Islam: Muslim scholar Allamah Haskafi, author of the 18th-century jurisprudence text Durr-Mukhtar, wrote of the disposal of the no-longer wanted Qurans: “If one decides to get rid of religious literature, the right thing would be to bury them by wrapping them in something pure first, in a place where people would not walk very rarely. Similarly, it would be permitted to tie the books and papers with something heavy and cast them into a flowing river. You may also burn [texts other than the Quran], but in this case, only after erasing the names of Allah, his Angels and his Messengers…”
Judaism: Jewish sacred texts, including not only Torah scrolls but also their covers and dust jackets, “must be set aside... and are subsequently buried,” according to guidelines prepared and distributed by the Association of Chabad Rabbis of Illinois, and published on Chabad.org.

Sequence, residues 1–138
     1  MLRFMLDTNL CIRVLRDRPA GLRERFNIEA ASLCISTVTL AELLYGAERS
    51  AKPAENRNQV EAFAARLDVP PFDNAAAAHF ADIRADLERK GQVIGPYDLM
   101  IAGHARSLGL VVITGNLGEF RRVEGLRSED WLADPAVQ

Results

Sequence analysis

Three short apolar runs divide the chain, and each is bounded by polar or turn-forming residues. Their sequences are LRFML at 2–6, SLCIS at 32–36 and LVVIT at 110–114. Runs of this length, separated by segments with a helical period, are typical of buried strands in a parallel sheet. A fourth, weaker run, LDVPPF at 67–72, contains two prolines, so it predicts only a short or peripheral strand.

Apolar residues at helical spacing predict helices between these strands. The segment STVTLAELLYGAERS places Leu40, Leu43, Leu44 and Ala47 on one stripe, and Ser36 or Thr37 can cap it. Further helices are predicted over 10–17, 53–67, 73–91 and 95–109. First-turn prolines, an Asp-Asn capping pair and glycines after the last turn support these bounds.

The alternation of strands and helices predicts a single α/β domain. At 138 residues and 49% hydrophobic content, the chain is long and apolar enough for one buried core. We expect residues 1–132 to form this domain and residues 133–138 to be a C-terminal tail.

Christianity: Guidelines are less stringent, as Protestant theology does not place sacredness in texts. “Dispose of it as you would any other book. Recycle the paper if you can,” writes former Lutheran bishop Wayne Weissenbuehler on TheLutheran.org. Catholic.com gives similar guidelines: There is no specifically mandated means of disposing of old Bibles. Some Catholics follow a custom of disposing of religious articles that have been blessed by either burying or burning... If not, dispose of it as you would any other book.
Hinduism: Sacred Hindu texts are disposed of reverentially, usually by immersion in clean water, burial or burning, according to the Hari Bhakti Vilasa, a Hindu book of rituals and conduct. If still usable, the items can be sent to the next of kin or cremated with a deceased owner.
Buddhism: There is no set way, but normally a Buddhist should recite a Buddhist scripture in front of the items to be disposed of, if such a person is present. The material can then be burned and its ashes buried. It is permitted to place the text in a bag and leave it for recycling.
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